Look forward to your film Robert. So stop buying Chinese and force them to buy their own products - but they have to stop tracking the $ -simples. What I do know is that the interest rate for savings will be an election issue? Not helped by the PM constantly affirming what a good job he's doing keeping rates low! The longer this issue is avoided the worse the outcome will be.

  • rate this
    +2

    Comment number 36.

    I see some positive signs in the economy from manufacturing, but we are maybe 10% down what is needed to "rebalance the economy"
    As long as fat money can be made in banking then no one will invest building computers, planes, ships etc here.
    This is the reason banking needs to be beaten down to a utility status.

  • rate this
    +8

    Comment number 35.

    Recovery?
    Fed’s insane behavior can only be sane IF assumption is Fed’s intent is not to save economy but to save banks. It's likely big banks know Fed’s plan advance. With inside information, they know when to short stock, bond, & bullion markets. Banks make billions from the inside trading. Yet, there are very few investigations, very few trials, next to no imprisonments.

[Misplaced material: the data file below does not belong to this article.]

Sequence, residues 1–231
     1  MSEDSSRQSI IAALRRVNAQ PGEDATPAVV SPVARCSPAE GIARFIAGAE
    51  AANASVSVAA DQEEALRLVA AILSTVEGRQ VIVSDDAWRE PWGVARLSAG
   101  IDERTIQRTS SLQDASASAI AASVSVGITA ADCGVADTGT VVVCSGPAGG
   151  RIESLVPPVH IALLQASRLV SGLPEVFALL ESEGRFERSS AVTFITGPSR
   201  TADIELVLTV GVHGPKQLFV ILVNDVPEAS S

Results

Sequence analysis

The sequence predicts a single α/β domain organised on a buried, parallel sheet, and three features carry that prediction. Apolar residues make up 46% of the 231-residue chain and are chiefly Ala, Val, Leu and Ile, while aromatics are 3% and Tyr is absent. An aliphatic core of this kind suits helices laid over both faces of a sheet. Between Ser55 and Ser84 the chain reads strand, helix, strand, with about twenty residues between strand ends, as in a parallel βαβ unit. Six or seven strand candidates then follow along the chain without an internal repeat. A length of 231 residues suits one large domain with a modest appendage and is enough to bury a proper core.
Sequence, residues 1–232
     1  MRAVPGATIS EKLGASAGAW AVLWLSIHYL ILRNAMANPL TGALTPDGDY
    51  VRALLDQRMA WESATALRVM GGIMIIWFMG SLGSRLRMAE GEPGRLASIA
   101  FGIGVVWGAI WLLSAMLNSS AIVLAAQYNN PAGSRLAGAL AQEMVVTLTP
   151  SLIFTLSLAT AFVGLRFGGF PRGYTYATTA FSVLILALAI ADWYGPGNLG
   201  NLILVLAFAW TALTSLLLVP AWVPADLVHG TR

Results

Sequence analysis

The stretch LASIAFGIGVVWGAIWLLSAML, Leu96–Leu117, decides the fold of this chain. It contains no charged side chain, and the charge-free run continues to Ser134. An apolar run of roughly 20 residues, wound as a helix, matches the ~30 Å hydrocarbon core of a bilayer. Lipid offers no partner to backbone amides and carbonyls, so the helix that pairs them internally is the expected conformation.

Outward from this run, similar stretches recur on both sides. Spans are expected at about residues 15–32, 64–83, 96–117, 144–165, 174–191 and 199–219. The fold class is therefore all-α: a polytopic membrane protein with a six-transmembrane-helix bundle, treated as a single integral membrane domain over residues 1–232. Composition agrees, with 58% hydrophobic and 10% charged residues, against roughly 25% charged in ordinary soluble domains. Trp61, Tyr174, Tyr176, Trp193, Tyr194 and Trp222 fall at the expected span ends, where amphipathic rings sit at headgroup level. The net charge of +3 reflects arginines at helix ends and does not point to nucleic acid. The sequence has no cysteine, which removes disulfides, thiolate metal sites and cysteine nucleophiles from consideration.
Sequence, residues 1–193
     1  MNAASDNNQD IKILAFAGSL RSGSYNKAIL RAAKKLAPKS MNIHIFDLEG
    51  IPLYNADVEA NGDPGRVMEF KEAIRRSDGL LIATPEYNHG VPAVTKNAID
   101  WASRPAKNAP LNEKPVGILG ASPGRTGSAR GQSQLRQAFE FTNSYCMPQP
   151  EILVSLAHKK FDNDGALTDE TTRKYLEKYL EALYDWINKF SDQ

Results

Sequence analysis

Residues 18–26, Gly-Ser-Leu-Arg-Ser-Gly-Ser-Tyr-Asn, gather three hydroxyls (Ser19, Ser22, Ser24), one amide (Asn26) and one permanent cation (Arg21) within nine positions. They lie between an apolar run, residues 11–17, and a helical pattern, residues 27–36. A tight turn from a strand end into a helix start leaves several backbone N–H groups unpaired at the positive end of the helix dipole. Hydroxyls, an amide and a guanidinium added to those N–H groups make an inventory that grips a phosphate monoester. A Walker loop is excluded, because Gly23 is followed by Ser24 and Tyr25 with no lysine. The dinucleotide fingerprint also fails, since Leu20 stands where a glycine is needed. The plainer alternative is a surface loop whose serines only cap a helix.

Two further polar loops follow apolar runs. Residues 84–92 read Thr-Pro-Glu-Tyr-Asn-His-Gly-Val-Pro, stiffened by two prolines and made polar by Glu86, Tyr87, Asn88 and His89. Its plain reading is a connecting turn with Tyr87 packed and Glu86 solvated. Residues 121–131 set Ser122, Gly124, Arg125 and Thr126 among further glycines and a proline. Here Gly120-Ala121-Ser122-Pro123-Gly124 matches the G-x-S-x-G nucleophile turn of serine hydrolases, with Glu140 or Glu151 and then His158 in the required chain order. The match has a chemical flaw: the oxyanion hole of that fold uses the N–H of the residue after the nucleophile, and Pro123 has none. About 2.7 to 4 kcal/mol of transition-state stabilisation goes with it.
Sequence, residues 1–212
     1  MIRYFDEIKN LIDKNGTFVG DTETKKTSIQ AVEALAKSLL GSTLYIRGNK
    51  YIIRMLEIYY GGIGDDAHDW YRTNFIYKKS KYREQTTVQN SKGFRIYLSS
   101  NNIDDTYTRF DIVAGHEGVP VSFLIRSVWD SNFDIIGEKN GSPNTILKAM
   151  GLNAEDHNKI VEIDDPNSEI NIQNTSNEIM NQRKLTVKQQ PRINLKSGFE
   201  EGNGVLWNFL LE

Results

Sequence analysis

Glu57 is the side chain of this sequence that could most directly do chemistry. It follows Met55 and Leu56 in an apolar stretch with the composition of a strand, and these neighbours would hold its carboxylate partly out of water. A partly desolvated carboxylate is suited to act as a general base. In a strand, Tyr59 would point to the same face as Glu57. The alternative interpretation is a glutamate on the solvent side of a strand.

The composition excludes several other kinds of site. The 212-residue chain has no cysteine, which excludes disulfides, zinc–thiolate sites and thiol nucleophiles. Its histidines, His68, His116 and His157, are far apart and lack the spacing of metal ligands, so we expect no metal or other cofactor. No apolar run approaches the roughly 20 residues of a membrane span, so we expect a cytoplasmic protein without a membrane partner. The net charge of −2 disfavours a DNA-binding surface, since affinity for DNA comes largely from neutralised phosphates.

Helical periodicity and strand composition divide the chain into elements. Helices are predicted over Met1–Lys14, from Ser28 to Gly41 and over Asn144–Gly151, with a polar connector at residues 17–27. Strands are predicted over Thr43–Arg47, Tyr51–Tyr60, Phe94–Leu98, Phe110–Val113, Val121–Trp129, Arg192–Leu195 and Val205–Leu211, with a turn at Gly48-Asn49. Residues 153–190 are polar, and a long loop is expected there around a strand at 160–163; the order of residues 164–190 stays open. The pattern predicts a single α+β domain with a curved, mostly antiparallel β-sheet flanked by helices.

• rate this
    +1

    Comment number 34.

    31 "Some people hate the thougth of good news " and "'Austerity' has not yet boosted exports while borrowing has actually increased. 2016 looks bleak!"

    Having your cake and eating it, I think this is called

    For six years people on this board have been screaming blue murder because we're worried about our children's future. I get no pleasure out of this. The only response is the kicking of a can

  • rate this
    +15

    Comment number 33.

    surely growth is immaterial if that growth forces larger debts.... in the end when debts cannot be repaid..... crash

 

Page 17 of 19

 

Features

BBC © 2014 The BBC is not responsible for the content of external sites. Read more.

This page is best viewed in an up-to-date web browser with style sheets (CSS) enabled. While you will be able to view the content of this page in your current browser, you will not be able to get the full visual experience. Please consider upgrading your browser software or enabling style sheets (CSS) if you are able to do so.